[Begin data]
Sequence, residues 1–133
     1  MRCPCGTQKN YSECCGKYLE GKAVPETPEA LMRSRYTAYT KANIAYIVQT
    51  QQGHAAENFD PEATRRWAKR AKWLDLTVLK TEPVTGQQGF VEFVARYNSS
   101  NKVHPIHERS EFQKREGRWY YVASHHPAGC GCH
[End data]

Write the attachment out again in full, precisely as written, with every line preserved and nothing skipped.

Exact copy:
Sequence, residues 1–133
     1  MRCPCGTQKN YSECCGKYLE GKAVPETPEA LMRSRYTAYT KANIAYIVQT
    51  QQGHAAENFD PEATRRWAKR AKWLDLTVLK TEPVTGQQGF VEFVARYNSS
   101  NKVHPIHERS EFQKREGRWY YVASHHPAGC GCH